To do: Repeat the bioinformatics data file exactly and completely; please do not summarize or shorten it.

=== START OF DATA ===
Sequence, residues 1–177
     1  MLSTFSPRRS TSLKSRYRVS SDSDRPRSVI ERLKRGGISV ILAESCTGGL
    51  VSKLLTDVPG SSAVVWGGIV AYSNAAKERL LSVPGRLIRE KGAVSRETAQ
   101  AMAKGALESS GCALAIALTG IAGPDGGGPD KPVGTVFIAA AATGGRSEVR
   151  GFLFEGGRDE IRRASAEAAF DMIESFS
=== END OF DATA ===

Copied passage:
Sequence, residues 1–177
     1  MLSTFSPRRS TSLKSRYRVS SDSDRPRSVI ERLKRGGISV ILAESCTGGL
    51  VSKLLTDVPG SSAVVWGGIV AYSNAAKERL LSVPGRLIRE KGAVSRETAQ
   101  AMAKGALESS GCALAIALTG IAGPDGGGPD KPVGTVFIAA AATGGRSEVR
   151  GFLFEGGRDE IRRASAEAAF DMIESFS